Coronavirus has caused a stir in the international socioeconomic climate, wrecking havoc both in the form of lives and economies since its widespread discovery early 2020. In this blog, we take a look at its potential impact on several real estate sectors — namely healthcare, hospitality, and senior living.
This blog is the second of a two part series — and you can read the first one here. Additionally, we have covered retail, student housing, and multi-family in separate blogs. Click on each link to read more.
The impact of the COVID-19 crisis on healthcare and medical office building (“MOB”) properties will be dependent on the primary use of the properties. Unlike the majority of traditional office tenants, medical professionals have a very difficult time working from home and may be forced to close down their operations for the foreseeable future. The types of medical tenants most at risk in this situation include dentists and optometrists, which require in-office patient visits to generate revenue. Tenants that are a part of a larger healthcare consortium may be able to withstand the loss of revenue for longer, but small, private practices face near-term risks.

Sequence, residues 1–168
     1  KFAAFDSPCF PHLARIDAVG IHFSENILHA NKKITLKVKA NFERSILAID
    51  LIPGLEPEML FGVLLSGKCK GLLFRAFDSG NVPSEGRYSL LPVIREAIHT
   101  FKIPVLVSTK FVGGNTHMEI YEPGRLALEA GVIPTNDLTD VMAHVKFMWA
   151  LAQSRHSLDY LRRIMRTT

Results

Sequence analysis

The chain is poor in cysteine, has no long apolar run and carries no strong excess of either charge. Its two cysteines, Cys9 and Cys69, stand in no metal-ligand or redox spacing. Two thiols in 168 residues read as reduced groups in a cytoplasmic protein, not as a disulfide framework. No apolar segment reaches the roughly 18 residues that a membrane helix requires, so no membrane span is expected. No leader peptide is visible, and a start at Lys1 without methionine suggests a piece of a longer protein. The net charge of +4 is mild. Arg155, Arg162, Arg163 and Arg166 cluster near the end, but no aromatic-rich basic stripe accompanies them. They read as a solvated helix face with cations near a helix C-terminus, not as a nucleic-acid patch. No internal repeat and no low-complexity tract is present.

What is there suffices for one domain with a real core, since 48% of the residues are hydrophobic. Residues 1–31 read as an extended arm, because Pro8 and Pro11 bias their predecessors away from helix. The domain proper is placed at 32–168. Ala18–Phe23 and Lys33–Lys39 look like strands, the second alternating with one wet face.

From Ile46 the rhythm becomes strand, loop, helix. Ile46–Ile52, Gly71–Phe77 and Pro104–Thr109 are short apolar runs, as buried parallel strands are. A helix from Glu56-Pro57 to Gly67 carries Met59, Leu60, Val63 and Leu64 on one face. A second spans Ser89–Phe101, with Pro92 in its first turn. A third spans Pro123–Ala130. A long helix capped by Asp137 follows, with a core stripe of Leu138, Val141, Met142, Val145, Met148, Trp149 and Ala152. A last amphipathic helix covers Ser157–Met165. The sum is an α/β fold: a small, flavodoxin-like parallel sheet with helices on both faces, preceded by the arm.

Without any revenue, tenants may be forced to request rent relief or abatement, causing landlords and owners to potentially miss their debt payments. Most lenders have indicated a willingness to work with their borrowers during this crisis to avoid foreclosure, but some lenders may be less flexible. The extent of potential downside risk investors in these types of assets face is dependent on the specific tenants and the lender.